State v. Hannon

Annotate this Case

395 A.2d 118 (1978)

STATE of Maine v. John HANNON.

Supreme Judicial Court of Maine.

December 6, 1978.

*119 Joseph M. Jabar, Dist. Atty. (orally), Augusta, for plaintiff.

James E. Mitchell (orally), Augusta, for defendant.

Before POMEROY, WERNICK, DELAHANTY, GODFREY and NICHOLS, JJ.

NICHOLS, Justice.

On July 3, 1977, the Defendant, John Hannon, absconded from the Kennebec County Jail. Apprehended on July 13, 1977, he was indicted on August 2, 1977, for the offense of escape, 17-A M.R.S.A. § 755, in the Superior Court in Kennebec County. He was found guilty by a jury on February 13, 1978. He appeals from the judgment of conviction, alleging certain defects in the indictment.

Additionally, the Defendant asserts two further errors. He claims that the Superior Court should have granted his pre-trial motion to dismiss the indictment, advanced on the ground that the State's administrative punishment for the escape already imposed upon the Defendant by the Department of Corrections ought to bar a subsequent prosecution. He also claims that the justice presiding at the trial erred by excluding evidence tending to show that the Defendant had been subjected to cruel and illegal punishment before his escape.

We deny the appeal.

On June 21, 1977, the District Court committed the Defendant to the Kennebec County Jail when he failed to post bail. He entered jail that same day and, on July 3, 1977, without permission, he jumped over the fence which enclosed the jail yard and disappeared. According to jail records he was returned to custody in Kennebec County Jail on July 13, 1977.

The Defendant argues first that the indictment[1] is fatally insufficient because it failed to plead every element of the offense. Specifically he contends that the elements of the offense include a showing that the prisoner was being held pursuant to lawful authority, citing State v. Morton, Me., 293 A.2d 775 (1972); State v. Campbell, Me., 314 A.2d 398 (1974); State v. Holbrook, Me., 318 A.2d 62 (1974); and State v. Heald, Me., 322 A.2d 68 (1974). The flaw in his argument is that, of the prosecutions in the cited opinions, none arose under the recently enacted Maine Criminal Code provision codifying the crime of escape, effective May 1, 1976 and superseding 17 M.R.S.A. § 1405.[2]

*120 Under 17-A M.R.S.A. § 755[3] the State must plead and prove that a person has intentionally left official custody without permission. A person is in "official custody" if he is in custody in a jail. The statute nowhere lists as an element of the offense of escape the fact that a person is being held pursuant to lawful authority. This element is no longer essential to the sufficiency of an indictment for escape. The policies underlying this shift away from the common law definition of escape have been treated in detail in our recent opinion, State v. Jackson, Me., 394 A.2d 769 (1978), and need not be reiterated here. The indictment was valid. It stated every essential element of the crime of escape by declaring that John Hannon, while held in custody at the Kennebec County Jail, intentionally left that custody, without official permission. See State v. Blais, Me., 391 A.2d 1198 (1978).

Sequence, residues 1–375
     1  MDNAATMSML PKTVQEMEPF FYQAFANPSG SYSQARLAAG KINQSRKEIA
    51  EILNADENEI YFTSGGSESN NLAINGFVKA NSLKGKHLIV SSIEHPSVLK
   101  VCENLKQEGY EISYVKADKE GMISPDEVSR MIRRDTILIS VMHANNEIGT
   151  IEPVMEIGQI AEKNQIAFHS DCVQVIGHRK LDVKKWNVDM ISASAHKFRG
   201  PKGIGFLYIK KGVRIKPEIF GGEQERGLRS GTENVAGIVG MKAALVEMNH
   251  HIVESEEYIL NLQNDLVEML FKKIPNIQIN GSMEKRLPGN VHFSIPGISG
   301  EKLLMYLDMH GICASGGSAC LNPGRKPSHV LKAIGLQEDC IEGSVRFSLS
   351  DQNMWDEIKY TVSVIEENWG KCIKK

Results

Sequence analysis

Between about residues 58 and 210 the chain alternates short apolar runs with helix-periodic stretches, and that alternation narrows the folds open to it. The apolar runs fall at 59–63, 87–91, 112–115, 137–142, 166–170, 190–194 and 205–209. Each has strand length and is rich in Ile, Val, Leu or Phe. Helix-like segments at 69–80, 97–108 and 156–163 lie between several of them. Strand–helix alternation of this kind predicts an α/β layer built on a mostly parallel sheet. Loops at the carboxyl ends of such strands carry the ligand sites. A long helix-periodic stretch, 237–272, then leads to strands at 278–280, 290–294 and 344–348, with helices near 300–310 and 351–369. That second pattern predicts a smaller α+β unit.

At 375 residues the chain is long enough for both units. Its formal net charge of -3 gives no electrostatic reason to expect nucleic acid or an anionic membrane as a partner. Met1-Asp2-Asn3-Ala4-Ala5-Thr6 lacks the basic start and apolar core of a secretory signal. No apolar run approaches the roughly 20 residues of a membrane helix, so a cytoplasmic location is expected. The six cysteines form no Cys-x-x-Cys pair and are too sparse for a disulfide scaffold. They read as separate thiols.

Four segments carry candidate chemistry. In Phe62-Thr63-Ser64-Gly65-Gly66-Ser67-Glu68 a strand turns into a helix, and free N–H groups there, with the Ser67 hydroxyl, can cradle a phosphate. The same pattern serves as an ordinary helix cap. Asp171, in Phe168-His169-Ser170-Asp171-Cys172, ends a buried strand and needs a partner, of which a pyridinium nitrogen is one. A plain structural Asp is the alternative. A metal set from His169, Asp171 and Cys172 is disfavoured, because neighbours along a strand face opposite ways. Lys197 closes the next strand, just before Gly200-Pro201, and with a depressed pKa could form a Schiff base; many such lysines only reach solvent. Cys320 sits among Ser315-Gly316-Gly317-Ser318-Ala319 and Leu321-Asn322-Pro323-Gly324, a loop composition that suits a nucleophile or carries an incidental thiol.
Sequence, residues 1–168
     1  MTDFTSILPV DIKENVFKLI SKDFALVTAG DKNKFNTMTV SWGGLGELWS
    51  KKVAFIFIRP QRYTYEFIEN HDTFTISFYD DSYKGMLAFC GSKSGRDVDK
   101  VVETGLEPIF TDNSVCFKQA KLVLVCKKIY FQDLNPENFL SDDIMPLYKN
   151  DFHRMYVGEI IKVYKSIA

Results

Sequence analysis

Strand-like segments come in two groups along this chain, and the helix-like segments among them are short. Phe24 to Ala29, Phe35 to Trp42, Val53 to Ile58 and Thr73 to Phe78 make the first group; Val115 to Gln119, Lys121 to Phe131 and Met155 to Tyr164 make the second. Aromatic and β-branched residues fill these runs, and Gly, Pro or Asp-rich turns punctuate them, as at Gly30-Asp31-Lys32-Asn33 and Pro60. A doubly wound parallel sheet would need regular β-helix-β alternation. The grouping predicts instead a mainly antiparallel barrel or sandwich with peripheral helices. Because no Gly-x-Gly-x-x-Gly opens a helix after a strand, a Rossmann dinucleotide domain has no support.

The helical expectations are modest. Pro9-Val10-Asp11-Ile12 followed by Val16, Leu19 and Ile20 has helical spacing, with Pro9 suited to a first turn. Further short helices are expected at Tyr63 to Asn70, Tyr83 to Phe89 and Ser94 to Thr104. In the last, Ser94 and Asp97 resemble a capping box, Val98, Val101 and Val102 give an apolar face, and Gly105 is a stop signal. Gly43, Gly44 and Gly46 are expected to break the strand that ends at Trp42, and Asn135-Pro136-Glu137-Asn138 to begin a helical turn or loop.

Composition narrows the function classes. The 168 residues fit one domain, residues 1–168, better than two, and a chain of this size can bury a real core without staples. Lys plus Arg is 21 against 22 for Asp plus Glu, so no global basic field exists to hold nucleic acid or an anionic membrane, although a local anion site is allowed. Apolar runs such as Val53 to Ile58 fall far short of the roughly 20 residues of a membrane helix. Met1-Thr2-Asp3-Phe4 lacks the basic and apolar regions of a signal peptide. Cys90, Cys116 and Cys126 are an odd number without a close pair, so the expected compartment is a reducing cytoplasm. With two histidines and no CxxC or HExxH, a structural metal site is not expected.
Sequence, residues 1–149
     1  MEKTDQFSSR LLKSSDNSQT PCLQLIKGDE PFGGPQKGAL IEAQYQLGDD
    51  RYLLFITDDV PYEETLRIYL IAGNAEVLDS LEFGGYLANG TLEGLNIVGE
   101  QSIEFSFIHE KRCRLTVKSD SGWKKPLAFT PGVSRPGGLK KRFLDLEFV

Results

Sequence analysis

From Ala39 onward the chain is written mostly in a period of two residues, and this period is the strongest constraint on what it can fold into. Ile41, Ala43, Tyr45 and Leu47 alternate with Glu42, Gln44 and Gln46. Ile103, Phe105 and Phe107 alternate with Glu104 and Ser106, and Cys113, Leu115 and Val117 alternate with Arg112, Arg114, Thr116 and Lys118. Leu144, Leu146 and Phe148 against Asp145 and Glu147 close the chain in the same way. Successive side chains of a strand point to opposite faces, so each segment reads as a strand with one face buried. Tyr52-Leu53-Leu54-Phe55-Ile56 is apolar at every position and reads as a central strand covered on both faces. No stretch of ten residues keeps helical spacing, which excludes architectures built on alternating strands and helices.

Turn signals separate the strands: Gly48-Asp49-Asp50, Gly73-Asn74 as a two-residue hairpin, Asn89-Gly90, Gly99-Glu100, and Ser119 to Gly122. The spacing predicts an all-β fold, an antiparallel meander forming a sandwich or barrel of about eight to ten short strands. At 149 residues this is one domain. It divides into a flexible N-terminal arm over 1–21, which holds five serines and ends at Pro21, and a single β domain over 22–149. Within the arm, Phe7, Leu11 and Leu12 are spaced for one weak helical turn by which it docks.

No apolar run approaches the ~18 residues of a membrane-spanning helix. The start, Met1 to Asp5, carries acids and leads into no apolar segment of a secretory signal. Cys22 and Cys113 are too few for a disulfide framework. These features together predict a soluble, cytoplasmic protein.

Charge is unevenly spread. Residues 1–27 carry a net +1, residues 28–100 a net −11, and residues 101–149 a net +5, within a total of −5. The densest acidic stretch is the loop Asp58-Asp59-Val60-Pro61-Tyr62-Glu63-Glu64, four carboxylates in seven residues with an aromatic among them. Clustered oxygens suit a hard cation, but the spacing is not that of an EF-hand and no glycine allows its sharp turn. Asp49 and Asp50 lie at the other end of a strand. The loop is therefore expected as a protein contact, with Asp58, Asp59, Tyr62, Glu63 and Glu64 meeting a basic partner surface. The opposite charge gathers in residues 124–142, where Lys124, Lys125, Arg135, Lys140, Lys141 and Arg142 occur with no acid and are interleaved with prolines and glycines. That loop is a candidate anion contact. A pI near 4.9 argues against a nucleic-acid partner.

The Defendant next argues that, by cruel and unusual punishment imposed upon him by administrative action following his return to custody, the State has elected to treat the escape as an administrative disciplinary offense and cannot also treat the infraction as a judicial crime. He bases his position upon the County and Municipal Jail Standards established by the Department of Mental Health and Corrections pursuant to 34 M.R.S.A. § 3. The specific language is set forth in the margin.[4]

The Defendant asks us to adopt a rule that violation of this administrative guideline will effect a bar to judicial prosecution. Such a rule is nowhere part of the statute or regulation. The remedy there provided is through complaint to the Commissioner of the Department.[5] The Legislature has *121 nowhere indicated that that Department is empowered to decide whether this offense will be judicially prosecuted. This power is reposed in the District Attorney, who is elected by the people.

We remain convinced that State v. Tise, Me., 283 A.2d 666 (1971) was correctly decided. There our Court observed:

"[E]xisting decisional law overwhelmingly holds that criminal prosecution for escape is not barred by prior administrative punishment within the prison for the escape. . . . We find unanimity in the other State and Federal Court decisions on this issue."

Id. at 666-667. Adoption of this regulation does not change the result reached in Tise. A violation of the Defendant's rights under this regulation does not bar a prosecution of the Defendant under the Maine Criminal Code.